Say Thanks to a Republican Idea Day

When John McCain ran for president in 2008, he offered up a health-reform plan. Nobody paid all that much attention to it, because it was pretty clear that health care was an issue McCain didn't care about at all, and much like the "patient's bill of rights" George W. Bush had touted when he ran for president eight years earlier, it would be forgotten as soon as he took office. Four years later, Mitt Romney had something resembling a health-care plan too, but once again, nobody paid much attention to what it contained, because any time health care came up, the only question was how Romney could square his stated position that the Affordable Care Act was a poisonous hairball of misery coughed up by the Prince of Darkness himself, while the plan it was modeled after, often referred to as "Romneycare," was a wonderful thing that everyone in the state where it was implemented seems to like.

Both McCain's and Romney's plans were mostly an amalgam of ineffectual half-measures and truly terrible ideas, but mixed in there were a few proposals that might be beneficial. And now that we're just days away from the full implementation of the ACA, some conservatives will be offering up similar reform proposals again (here's one). The problem they face is that once millions of people have been enrolled in new insurance plans, you can no longer just propose to repeal the law, because that would mean kicking them off the insurance they have. "Repeal it!" only works as a battle cry when you can pretend no one would be harmed. So they have two choices: stop talking about health care entirely, or have some kind of plan you can claim you're proposing to put in its place. And Democrats can respond by agreeing to one or two of the Republicans' ideas. It sounds crazy, I know. But hear me out.

I know what you're thinking: didn't Democrats try this before? They took a Republican proposal—an individual mandate combined with subsidies for those with modest incomes—and made it their own, only to see Republicans then decide it was, depending on who you ask, "the worst thing that has happened in this nation since slavery" or worse than "the Nazis, Soviets, and terrorists combined." It's certainly possible that if Democrats began advocating for another health-care idea that Republicans currently favor, even a relatively minor one, they'll go through the same routine again. But so what? If Republicans are going to oppose anything Democrats propose, then that opposition shouldn't hinder you. You wouldn't want to delude yourself that passing any new reforms would be easy because Republicans will go along with what they've advocated in the past, but a good idea is still a good idea.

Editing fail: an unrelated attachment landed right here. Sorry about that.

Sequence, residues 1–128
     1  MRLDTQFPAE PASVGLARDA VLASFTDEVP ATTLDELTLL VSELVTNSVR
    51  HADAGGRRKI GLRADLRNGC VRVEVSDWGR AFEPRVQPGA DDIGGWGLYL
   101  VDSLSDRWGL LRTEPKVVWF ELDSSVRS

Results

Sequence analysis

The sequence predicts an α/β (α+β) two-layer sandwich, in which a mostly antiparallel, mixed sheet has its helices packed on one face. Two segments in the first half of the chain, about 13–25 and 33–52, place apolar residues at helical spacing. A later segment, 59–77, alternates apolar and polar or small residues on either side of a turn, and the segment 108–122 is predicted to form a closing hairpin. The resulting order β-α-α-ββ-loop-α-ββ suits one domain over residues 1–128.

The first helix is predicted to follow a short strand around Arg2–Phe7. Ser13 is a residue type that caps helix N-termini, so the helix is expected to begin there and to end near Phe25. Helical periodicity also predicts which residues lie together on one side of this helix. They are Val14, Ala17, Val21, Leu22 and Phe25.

I have one in particular in mind. Most Republican proposals would have the tax system stop treating employer-provided insurance and individual insurance differently. If you buy your own health insurance, you don't get to deduct the premiums from your income, which is just one of the ways being self-employed can be really expensive (another is the fact that you have to pay both the employer and employee portions of payroll taxes). But if you get insurance through your employer, the money is taken out before taxes. That's a benefit that can cut your tax bill by thousands of dollars every year, and the self-employed and people whose employers don't offer health coverage get screwed out of it. So there are two ways to make it fair: either let everyone deduct the cost of premiums, or take away the deduction from employer-provided plans.

The latter would probably be politically impossible, but it's worth noting just how much money the government is in effect doling out to mostly middle-class and wealthy people with the current system. According to the Congressional Budget Office, the tax deduction for employer-provided health benefits cost the Treasury $248 billion in 2013 alone; over the next decade it's projected to cost $3.36 trillion. It's easily the largest tax expenditure on the books. If all that money was suddenly being paid to the government in taxes, it would be a boon to deficit reduction, but it would also be a hardship for tens of millions of people (even though the benefits do go disproportionately to those with higher incomes).

The alternative, then, is to let everybody deduct their premiums. That would certainly cost money, but particularly with millions of formerly uninsured people moving into the individual insurance market, you could think of it as an economic stimulus, which we could certainly use more of.

Democrats' understandable impulse at this stage is to just be defensive about the ACA. But they always knew it wouldn't be the last word in health care reform, and it isn't too early to start thinking about the next steps. There are a whole lot of ways we could improve on the changes that have already been made, and if at least one of them is something Republicans now claim they support? There's no harm in that.

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